[Skip to Content]
Access to paid content on this site is currently suspended due to excessive activity being detected from your IP address 54.146.141.60. Please contact the publisher to request reinstatement.
[Skip to Content Landing]
Article
April 16, 1997

Bioequivalence of Levothyroxine Preparations: Industry Sponsorship and Academic Freedom-Reply

Author Affiliations

Chancellor University of California, San Francisco

JAMA. 1997;277(15):1201. doi:10.1001/jama.1997.03540390031023

This article is only available in the PDF format. Download the PDF to view the article, as well as its associated figures and tables.

Abstract

In Reply.  —As industry funding for university research increases in quantity and complexity, it seems inevitable that there will be occasional clashes of culture. The case involving Dr Dong and colleagues is one such unfortunate chapter in the annals of university-industry relations, annals that are otherwise filled with tales of highly innovative and productive collaborations that have delivered enormous benefit to the public and built for our nation a research and development capability that is unmatched among the nations of the world. We must view incidents such as that involving Dong and colleagues as only temporary setbacks and learn from them how we can make our relationships more harmonious and mutually productive. Even the smallest lessons we all continue to learn are too important to ignore.Let me make one comment in response to Mr Eckert's letter. He states, "As a partner in research, we have a responsibility to ensure that work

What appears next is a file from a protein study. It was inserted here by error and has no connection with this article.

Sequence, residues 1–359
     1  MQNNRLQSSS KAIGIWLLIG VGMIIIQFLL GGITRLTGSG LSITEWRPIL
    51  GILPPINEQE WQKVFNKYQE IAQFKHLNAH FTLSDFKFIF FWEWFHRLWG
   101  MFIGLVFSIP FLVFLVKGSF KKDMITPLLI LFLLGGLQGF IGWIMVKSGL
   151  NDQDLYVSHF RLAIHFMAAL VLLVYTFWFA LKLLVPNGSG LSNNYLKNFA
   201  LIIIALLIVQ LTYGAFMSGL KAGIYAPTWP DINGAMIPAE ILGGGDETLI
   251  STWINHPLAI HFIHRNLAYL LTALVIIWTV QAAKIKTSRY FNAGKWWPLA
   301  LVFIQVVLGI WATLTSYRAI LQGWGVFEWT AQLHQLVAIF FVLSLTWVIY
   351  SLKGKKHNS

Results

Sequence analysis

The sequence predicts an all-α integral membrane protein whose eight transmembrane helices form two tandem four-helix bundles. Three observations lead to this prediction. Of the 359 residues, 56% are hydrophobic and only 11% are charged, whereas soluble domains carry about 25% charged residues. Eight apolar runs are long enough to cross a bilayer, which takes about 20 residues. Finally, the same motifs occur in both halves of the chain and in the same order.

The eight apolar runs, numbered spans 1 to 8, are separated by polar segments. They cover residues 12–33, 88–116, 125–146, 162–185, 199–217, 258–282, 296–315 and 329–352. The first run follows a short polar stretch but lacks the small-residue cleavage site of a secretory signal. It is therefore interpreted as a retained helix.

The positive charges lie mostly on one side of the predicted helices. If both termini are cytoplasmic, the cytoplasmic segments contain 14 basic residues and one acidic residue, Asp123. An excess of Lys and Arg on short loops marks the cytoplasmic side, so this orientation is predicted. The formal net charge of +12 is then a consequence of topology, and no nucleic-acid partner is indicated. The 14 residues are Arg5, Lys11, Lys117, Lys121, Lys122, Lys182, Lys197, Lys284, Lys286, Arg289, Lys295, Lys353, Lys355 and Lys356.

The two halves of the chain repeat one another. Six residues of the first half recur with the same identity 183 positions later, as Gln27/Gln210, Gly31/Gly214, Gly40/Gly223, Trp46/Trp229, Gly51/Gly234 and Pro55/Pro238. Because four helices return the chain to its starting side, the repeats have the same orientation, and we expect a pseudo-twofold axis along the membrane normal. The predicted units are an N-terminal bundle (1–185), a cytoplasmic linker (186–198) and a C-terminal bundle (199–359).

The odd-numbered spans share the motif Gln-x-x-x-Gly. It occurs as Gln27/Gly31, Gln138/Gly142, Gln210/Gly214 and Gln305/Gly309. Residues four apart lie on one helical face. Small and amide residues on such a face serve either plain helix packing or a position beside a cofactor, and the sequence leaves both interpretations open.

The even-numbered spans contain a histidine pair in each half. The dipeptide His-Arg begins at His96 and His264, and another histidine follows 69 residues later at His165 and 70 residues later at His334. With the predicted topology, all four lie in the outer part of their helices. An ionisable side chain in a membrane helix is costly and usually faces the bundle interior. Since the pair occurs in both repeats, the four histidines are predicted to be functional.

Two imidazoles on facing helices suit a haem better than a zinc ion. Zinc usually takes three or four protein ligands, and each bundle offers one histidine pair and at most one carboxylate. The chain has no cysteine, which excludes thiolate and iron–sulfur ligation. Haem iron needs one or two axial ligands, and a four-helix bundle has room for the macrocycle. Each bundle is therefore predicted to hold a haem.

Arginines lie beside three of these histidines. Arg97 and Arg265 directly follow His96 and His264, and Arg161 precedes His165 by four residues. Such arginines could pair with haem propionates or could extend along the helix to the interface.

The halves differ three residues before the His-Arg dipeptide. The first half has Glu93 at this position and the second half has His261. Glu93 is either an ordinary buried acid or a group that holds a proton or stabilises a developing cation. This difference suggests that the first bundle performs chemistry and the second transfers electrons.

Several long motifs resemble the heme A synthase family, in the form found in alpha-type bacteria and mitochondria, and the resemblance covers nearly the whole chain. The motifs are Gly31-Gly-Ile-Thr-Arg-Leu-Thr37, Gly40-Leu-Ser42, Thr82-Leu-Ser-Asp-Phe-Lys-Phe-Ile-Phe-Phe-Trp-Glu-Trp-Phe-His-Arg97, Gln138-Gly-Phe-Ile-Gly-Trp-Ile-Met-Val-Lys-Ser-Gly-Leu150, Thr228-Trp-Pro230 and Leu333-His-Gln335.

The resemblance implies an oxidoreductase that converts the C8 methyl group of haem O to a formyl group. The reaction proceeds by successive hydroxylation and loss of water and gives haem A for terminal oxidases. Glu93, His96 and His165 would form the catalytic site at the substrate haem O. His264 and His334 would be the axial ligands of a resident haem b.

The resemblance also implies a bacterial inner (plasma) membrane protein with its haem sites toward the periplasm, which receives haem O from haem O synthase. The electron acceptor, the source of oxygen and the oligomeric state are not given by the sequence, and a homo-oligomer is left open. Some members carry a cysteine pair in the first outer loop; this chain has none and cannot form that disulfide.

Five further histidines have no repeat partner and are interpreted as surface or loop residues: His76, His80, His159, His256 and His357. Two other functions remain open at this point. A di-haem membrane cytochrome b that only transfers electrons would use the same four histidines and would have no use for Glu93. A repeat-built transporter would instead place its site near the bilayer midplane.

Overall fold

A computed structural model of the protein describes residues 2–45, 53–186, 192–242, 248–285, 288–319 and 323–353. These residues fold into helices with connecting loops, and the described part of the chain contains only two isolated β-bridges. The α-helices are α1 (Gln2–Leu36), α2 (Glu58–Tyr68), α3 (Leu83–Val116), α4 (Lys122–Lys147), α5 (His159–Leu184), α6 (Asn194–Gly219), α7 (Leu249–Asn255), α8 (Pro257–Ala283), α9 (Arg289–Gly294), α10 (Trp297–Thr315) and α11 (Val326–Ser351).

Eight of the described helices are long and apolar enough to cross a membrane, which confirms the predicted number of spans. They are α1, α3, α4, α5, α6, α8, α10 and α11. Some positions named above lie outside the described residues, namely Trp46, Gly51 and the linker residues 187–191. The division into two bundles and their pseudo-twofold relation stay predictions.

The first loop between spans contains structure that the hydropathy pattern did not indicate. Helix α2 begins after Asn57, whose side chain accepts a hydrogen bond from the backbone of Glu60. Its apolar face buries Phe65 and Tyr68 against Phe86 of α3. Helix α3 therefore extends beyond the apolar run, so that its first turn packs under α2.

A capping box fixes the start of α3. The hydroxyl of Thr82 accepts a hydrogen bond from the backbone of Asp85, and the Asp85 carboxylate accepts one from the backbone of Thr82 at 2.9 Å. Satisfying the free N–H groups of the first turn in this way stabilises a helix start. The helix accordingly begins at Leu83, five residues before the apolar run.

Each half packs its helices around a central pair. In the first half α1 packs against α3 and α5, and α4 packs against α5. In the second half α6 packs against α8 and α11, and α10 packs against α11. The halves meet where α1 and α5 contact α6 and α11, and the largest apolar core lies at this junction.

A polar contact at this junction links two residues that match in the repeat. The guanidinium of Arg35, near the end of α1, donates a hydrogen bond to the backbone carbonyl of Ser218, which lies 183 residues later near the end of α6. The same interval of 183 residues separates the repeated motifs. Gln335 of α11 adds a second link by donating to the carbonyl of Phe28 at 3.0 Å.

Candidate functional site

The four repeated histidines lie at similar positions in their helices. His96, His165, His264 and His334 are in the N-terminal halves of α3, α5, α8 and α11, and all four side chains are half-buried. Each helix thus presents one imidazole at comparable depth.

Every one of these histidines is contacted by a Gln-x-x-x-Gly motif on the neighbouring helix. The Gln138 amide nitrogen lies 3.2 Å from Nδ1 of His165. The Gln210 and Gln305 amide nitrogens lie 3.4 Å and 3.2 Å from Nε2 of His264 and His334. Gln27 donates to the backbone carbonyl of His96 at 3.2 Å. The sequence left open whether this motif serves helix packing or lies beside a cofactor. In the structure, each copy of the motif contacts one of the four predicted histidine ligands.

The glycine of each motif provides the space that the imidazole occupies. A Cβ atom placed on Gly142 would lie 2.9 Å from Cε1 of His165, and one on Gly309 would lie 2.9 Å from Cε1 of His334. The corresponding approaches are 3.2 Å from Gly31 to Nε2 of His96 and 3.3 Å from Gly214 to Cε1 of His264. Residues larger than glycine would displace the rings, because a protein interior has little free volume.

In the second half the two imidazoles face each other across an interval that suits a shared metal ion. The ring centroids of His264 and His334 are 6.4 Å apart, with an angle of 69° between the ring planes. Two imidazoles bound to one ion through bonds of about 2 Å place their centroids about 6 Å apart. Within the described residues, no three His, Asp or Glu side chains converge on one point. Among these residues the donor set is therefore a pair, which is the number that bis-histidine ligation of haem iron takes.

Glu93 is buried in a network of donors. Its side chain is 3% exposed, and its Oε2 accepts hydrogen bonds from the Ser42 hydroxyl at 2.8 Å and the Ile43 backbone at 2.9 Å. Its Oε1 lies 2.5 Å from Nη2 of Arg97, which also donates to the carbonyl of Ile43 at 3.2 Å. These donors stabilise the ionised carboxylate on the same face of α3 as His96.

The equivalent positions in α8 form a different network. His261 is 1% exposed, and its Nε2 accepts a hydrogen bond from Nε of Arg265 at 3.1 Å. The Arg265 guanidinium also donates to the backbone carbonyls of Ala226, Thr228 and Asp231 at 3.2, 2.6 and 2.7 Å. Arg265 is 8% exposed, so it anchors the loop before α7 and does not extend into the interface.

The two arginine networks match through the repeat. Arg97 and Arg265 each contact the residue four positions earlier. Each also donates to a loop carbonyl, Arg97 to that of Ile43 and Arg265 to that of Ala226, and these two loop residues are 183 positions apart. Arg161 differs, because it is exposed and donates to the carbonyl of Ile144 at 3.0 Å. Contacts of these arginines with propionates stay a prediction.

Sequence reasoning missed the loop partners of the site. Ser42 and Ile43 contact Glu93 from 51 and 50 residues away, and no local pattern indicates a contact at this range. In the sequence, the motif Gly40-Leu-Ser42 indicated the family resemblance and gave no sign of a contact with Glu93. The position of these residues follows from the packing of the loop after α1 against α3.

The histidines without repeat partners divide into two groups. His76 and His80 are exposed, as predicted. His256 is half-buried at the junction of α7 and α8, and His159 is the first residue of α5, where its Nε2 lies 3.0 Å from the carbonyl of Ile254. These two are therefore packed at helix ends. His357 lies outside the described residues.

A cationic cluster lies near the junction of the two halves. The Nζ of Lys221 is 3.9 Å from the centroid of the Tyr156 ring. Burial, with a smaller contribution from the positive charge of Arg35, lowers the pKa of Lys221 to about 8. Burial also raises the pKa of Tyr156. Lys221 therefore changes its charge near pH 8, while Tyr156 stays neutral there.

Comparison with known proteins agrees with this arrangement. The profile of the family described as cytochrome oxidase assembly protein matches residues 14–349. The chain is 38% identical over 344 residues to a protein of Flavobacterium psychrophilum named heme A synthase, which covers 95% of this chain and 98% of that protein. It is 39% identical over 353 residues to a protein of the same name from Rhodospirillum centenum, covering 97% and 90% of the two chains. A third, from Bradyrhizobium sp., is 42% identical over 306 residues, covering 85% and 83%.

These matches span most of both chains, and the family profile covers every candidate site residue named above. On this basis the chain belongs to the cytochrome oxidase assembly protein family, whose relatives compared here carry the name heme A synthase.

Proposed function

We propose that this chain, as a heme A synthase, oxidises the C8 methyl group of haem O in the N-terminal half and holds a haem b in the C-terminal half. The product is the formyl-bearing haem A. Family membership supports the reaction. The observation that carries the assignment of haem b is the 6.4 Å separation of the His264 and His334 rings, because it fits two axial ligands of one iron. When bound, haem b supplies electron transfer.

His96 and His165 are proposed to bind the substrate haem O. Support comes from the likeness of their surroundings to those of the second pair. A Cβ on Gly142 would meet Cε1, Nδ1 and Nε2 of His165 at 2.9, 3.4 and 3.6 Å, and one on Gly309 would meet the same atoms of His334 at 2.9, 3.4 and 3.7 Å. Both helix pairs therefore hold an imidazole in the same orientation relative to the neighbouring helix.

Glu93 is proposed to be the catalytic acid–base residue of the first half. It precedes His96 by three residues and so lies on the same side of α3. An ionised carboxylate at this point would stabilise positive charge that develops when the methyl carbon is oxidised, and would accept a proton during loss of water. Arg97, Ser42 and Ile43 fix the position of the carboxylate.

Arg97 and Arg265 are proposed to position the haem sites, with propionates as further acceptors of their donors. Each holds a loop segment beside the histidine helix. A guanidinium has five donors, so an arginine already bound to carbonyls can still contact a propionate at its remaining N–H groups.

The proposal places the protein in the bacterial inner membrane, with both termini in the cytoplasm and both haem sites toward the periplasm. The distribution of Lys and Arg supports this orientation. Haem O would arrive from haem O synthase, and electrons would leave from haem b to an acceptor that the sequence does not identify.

×